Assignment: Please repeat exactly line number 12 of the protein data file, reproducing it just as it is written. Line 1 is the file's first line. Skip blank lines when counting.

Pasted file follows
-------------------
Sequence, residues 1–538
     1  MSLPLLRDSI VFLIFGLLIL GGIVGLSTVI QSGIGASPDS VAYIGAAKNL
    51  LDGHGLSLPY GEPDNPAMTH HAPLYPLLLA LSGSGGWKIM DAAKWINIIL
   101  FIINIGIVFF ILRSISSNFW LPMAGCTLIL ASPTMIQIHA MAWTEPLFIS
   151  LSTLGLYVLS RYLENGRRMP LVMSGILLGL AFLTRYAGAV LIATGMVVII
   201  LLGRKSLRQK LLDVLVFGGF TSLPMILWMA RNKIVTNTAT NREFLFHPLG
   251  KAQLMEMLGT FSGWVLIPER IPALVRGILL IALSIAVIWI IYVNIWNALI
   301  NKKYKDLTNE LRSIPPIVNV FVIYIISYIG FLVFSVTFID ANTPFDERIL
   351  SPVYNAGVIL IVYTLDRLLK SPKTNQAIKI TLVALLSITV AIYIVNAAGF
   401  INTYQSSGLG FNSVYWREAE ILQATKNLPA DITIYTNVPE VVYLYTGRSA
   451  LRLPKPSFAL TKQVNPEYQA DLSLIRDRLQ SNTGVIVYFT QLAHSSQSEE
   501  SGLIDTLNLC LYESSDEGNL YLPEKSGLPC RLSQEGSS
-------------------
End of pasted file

   501  SGLIDTLNLC LYESSDEGNL YLPEKSGLPC RLSQEGSS